George R.R. Martin Says the Ending of Game of Thrones Won't Be the Same as His Books

Charley Gallay, Getty Images for Playboy
Charley Gallay, Getty Images for Playboy

It didn’t take very long for Game of Thrones to diverge from the narrative of George R.R. Martin’s A Song of Ice and Fire, the book series upon which the HBO show is based. The acclaimed author has been working on the next book, The Winds of Winter, since 2011, without a release date in sight. And while showrunners David Benioff and D.B. Weiss have had to stray from Martin’s vision a bit due to the lack of finished material, they’ve known the author’s planned ending to the series since day one. But it looks like Martin will be making a few tweaks to the final titles in his book series, as he doesn’t want everything to be revealed in the TV show.

"I’ve been so slow with these books," Martin told Rolling Stone. "The major points of the ending will be things I told [Benioff and Weiss] five or six years ago. But there may also be changes, and there’ll be a lot added."

After The Winds of Winter’s release, Martin still has one more novel, A Dream of Spring, to go. This means we’re likely looking at upwards of 10 years from now, realistically, for the novel series to end, as it’s been nearly eight years since A Dance With Dragons debuted. So even if the books end exactly the same way as the TV show, it might be long enough from now that people won't care. But here’s to hoping that’s not the case!

[h/t: Rolling Stone]

A 17th-Century Book With a Hidden Compartment for Poison Is Selling for $11,000

Abebooks
Abebooks

Most rare books are noteworthy for their illustrations or prose. But there's something different hiding between the covers of a folio currently for sale for $11,000 on AbeBooks: The book acts as a miniature apothecary cabinet with spaces for storing jars of poison.

The secret storage box masquerading as a manuscript was likely assembled sometime in the 19th century, Atlas Obscura reports. It uses the leather binding of Sebastião Barradas's Opera omnia, vol. III—a theology text from the mid-17th century—as its shell. Two hundred years or so after the original book was published, someone pasted together the pages and hollowed them out to make room for a discreet apothecary lab. A shelf holds four glass bottles measuring 10 centimeters high. Tiny drawers are labeled with the names of poisonous plants—such as hemlock, foxglove, and Devil's snare—in German, suggesting the book safe was crafted in Germany. On the inside of the front cover, a memento mori illustration depicts two skeletons above the Latin Bible quote "Statutum est hominibus semel mori," which means, "All men are destined to die once."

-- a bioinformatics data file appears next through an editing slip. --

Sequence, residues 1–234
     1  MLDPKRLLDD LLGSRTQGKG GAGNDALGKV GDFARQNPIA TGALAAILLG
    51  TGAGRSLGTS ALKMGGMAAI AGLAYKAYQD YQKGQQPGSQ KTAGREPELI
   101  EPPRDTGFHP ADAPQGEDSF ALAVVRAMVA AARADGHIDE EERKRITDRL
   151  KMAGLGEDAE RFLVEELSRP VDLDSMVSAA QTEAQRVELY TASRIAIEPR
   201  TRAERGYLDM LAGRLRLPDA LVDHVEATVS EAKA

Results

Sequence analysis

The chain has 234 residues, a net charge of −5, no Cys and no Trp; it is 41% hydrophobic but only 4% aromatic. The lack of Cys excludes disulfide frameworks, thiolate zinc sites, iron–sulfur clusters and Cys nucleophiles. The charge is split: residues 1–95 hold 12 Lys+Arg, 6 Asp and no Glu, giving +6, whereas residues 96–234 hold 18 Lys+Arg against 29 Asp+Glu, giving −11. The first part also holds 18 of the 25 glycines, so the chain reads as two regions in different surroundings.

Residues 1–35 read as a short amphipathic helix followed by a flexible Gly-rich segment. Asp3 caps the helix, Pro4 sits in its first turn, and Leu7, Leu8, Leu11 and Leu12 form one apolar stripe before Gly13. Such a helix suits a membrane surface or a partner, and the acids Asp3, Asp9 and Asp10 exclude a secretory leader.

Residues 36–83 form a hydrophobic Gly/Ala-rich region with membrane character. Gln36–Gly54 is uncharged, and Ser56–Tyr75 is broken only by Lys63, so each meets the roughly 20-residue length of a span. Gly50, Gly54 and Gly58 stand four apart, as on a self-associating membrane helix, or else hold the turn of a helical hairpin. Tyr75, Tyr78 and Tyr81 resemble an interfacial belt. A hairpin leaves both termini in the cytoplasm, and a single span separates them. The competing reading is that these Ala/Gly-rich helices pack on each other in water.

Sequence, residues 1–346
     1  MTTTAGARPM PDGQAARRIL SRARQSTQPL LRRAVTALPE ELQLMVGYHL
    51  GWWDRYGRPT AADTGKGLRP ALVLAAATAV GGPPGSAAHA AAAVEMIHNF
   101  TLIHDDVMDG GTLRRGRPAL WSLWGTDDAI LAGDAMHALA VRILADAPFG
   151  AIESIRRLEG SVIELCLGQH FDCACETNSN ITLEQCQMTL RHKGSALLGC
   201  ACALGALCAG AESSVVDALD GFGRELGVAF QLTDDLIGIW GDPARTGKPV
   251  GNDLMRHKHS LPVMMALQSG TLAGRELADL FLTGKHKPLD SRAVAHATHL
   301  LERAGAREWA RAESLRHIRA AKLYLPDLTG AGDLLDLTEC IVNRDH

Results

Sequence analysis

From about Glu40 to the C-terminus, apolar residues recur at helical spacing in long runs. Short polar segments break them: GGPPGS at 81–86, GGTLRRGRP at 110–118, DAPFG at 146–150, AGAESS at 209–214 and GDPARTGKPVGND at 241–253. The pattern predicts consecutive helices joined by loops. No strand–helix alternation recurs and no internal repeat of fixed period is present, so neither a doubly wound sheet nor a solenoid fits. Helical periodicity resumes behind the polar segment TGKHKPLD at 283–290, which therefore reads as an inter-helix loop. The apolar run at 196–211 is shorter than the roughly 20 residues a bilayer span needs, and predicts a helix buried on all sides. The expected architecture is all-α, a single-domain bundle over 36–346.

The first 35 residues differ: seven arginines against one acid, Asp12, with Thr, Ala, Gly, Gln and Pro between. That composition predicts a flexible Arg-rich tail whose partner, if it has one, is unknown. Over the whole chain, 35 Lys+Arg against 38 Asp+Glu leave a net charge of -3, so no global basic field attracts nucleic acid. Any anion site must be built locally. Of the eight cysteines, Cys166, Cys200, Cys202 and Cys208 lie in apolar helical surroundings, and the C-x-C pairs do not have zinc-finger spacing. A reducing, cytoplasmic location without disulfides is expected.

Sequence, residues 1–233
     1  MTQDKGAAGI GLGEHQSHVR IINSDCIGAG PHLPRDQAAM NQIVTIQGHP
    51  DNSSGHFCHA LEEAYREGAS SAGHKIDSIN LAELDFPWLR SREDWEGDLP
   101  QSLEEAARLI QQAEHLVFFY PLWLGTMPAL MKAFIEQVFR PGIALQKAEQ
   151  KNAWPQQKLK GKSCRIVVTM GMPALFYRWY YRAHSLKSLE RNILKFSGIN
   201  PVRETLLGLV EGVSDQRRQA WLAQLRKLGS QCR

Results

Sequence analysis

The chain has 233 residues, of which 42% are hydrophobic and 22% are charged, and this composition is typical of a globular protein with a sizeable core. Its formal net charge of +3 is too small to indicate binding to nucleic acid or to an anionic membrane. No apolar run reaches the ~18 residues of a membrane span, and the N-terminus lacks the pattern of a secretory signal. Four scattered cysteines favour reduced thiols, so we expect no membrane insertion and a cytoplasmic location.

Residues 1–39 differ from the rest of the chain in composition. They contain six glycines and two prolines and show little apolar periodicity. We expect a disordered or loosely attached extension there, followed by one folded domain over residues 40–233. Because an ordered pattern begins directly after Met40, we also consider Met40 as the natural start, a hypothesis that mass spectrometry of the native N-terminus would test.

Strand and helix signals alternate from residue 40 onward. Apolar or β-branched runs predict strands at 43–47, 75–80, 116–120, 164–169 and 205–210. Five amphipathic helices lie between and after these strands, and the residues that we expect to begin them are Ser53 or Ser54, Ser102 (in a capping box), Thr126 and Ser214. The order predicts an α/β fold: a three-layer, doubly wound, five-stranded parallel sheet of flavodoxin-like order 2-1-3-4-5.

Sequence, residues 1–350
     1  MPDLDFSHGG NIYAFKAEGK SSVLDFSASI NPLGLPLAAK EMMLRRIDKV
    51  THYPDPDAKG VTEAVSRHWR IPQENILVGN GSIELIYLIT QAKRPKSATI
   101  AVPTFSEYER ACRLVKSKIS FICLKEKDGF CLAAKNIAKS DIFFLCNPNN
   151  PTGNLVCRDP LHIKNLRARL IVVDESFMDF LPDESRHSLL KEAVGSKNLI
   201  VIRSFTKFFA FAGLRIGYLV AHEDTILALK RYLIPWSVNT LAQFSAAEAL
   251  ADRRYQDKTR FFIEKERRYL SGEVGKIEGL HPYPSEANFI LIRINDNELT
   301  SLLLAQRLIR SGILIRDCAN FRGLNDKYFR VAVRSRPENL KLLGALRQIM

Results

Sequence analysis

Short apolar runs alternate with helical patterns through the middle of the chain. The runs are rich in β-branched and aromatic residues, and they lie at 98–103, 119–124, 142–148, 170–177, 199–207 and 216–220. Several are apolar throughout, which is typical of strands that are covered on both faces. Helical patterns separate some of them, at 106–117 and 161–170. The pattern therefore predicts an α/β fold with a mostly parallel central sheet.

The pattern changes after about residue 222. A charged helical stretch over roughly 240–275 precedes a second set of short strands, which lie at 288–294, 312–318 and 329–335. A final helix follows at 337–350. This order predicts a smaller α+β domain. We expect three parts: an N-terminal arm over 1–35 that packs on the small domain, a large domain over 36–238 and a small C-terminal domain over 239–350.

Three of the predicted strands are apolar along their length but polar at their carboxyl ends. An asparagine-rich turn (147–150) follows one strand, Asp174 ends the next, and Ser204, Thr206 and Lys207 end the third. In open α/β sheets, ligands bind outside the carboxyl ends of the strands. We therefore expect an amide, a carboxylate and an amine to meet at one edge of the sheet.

The Vienna-based antique bookseller INLIBRIS is selling the oddity through Abebooks. The sellers don't know the full backstory of the object, but they suspect it's not as dark as the skulls and poison labels suggest. Rather than being an authentic lab used by a poisoner, the book was likely made as a gag item.

The book may have been intended as a hoax, but that doesn't mean it can't be used as hidden storage today—ideally for something other than poison. Curio collectors can purchase the item for $10,924.51.

Book with secret compartment.
Abebooks

Secret compartment with bottles in book.
Abebooks

[h/t Atlas Obscura]

Daniel Radcliffe’s Original Harry Potter Glasses Are Hitting the Auction Block

© 2001 - Warner Bros. - All Rights Reserved
© 2001 - Warner Bros. - All Rights Reserved

Having trouble reading your spell books and A History of Hogwarts? Maybe all you need is a pair of original Harry Potter glasses. If you’re a diehard Potterhead, you can now buy one of the first pairs that Daniel Radcliffe himself wore on the set of Harry Potter and the Sorcerer's Stone (2001).

The glasses are on auction on EwbankAuctions.com, but you might want to check your vault in Gringotts before you decide to put a bid down, because the movie prop is going for about £3000 to £5000 (around $3800 to $6300).

The description for the glasses is as follows:

Harry Potter and the Philosopher's Stone (2001) - Daniel Radcliffe as Harry Potter, a pair of silver metal wire frame glasses. Round clear lenses, bordered in black matte finish, silver metal earpieces tipped with transparent plastic. Left frame arm inscribed 'FRAME MADE IN ENGLAND' and right earpiece numbered '40 20 135'. These glasses are one of only a small number of pairs produced for the film. This is one of the first pairs of glasses Daniel Radcliffe wore as Harry Potter.

Judging by the photo provided, the glasses look to be in spectacular condition, and come in a black eyeglass case.

The auction site is also offering up other props from the Harry Potter films, such as Hagrid’s bird house from Harry Potter and the Chamber of Secrets (2002), a song sheet used by the students in the Great Hall at Hogwarts from Harry Potter and the Sorcerer’s Stone, and even one of the many sealed Hogwarts acceptance envelopes that were sent to Harry's home in the first film.

Whoever the lucky winners of these bidding wars are, they’ll get to have special pieces of the Harry Potter films that no one else has. So be careful of any envious friends who might perform a Confundus Charm on you.

SECTIONS

arrow
LIVE SMARTER